Sam prospected among the shirts, collars, and trousers in the bag and presently came upon a morocco-bound volume. He laid it beside him on the lounge.
"Little by little, bit by bit," he said, "I am beginning to form a sort of picture of this girl, this--what was her name again? Bennett--this Miss Bennett. You have a wonderful knack of description. You make her seem so real and vivid. Tell me some more about her. She wasn't keen on golf, by any chance, I suppose?"
"I believe she did play. The subject came up once and she seemed rather enthusiastic. Why?"
"Well, I'd much sooner talk to a girl about golf than poetry."
"You are hardly likely to be in a position to have to talk to Wilhelmina Bennett about either, I should imagine."
"No, there's that, of course. I was thinking of girls in general. Some girls bar golf, and then it's rather difficult to know how to start the conversation. But, tell me, were there any topics which got on this Miss Bennett's nerves, if you know what I mean? It seems to me that at one time or another you may have said something that offended her. I mean, it seems curious that she should have broken off the engagement if you had never disagreed or quarrelled about anything."
"Well, of course, there was always the matter of that dog of hers. She had a dog, you know, a snappy brute of a Pekinese. If there was ever any shadow of disagreement between us, it had to do with that dog. I made rather a point of it that I would not have it about the home after we were married."
"I see!" said Sam. He shot his cuff once more and wrote on it: "Dog--conciliate." "Yes, of course, that must have wounded her."
"Not half so much as he wounded me. He pinned me by the ankle the day before we--Wilhelmina and I, I mean--were to have been married. It is some satisfaction to me in my broken state to remember that I got home on the little beast with considerable juiciness and lifted him clean over the Chesterfield."
Sam shook his head reprovingly.
"You shouldn't have done that," he said. He extended his cuff and added the words "Vitally Important" to what he had just written. "It was probably that which decided her."
"Well, I hate dogs," said Eustace Hignett querulously. "I remember Wilhelmina once getting quite annoyed with me because I refused to step in and separate a couple of the brutes, absolute strangers to me, who were fighting in the street. I reminded her that we were all fighters nowadays, that life itself was in a sense a fight; but she wouldn't be reasonable about it. She said that Sir Galahad would have done it like a shot. I thought not. We have no evidence whatsoever that Sir Galahad was ever called upon to do anything half as dangerous. And, anyway, he wore armour. Give me a suit of mail, reaching well down over the ankles, and I will willingly intervene in a hundred dog fights. But in thin flannel trousers, no!"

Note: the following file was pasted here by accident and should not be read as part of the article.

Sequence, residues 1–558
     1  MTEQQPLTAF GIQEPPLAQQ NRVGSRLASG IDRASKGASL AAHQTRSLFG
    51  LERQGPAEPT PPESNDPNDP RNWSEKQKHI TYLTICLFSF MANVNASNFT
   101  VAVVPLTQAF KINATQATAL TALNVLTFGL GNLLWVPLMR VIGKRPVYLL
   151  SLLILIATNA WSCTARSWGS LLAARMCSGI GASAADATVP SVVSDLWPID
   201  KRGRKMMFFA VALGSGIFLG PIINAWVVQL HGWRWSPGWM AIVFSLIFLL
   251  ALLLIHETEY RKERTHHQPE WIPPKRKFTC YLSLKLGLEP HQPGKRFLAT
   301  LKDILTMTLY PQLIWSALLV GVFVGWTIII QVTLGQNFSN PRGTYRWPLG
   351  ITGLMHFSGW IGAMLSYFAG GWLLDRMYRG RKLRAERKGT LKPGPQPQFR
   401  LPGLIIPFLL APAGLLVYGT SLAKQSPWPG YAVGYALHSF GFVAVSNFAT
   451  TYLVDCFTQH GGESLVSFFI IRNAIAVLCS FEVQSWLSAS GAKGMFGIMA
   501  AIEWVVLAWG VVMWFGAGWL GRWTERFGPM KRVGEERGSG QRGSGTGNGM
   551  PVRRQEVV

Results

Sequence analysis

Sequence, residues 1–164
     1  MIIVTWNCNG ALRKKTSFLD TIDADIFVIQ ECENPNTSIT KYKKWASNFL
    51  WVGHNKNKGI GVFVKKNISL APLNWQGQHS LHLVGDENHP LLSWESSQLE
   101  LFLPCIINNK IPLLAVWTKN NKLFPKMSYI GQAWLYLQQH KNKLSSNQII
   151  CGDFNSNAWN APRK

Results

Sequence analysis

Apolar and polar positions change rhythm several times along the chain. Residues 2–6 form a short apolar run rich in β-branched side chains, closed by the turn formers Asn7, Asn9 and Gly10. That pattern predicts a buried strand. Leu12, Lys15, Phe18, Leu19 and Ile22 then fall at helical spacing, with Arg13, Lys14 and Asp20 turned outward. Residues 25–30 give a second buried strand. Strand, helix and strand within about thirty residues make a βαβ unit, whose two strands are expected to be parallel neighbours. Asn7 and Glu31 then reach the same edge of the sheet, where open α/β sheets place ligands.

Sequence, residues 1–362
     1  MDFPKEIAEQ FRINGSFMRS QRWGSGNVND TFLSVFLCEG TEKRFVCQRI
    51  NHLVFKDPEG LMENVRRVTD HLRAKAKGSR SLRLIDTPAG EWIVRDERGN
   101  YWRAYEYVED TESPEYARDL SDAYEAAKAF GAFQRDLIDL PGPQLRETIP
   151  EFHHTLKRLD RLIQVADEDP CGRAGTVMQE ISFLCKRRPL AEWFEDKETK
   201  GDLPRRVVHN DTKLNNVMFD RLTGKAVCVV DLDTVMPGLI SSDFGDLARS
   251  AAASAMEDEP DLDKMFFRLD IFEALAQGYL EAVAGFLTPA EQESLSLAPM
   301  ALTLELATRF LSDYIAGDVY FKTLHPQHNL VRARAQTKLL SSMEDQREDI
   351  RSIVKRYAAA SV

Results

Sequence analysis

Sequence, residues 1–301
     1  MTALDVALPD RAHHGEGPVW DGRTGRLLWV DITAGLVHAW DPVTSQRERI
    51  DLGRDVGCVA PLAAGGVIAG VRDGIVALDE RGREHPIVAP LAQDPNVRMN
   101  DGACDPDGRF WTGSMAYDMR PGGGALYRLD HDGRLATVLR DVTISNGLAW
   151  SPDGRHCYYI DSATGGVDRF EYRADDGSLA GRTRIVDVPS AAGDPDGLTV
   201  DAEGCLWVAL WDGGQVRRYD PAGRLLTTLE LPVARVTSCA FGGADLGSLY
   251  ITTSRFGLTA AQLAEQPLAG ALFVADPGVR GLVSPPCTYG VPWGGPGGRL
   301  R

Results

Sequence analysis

Sam rose. His heart was light. He had never, of course, supposed that the girl was anything but perfect; but it was nice to find his high opinion of her corroborated by one who had no reason to exhibit her in a favourable light. He understood her point of view and sympathised with it. An idealist, how could she trust herself to Eustace Hignett? How could she be content with a craven who, instead of scouring the world in the quest for deeds of derring-do, had fallen down so lamentably on his first assignment? There was a specious attractiveness about poor old Eustace which might conceivably win a girl's heart for a time; he wrote poetry, talked well, and had a nice singing voice; but, as a partner for life ... well, he simply wouldn't do. That was all there was to it. He simply didn't add up right. The man a girl like Wilhelmina Bennett required for a husband was somebody entirely different ... somebody, felt Samuel Marlowe, much more like Samuel Marlowe.
Swelled almost to bursting point with these reflections, he went on deck to join the ante-luncheon promenade. He saw Billie almost at once. She had put on one of those nice sacky sport-coats which so enhance feminine charms, and was striding along the deck with the breeze playing in her vivid hair like the female equivalent of a Viking. Beside her walked young Mr. Bream Mortimer.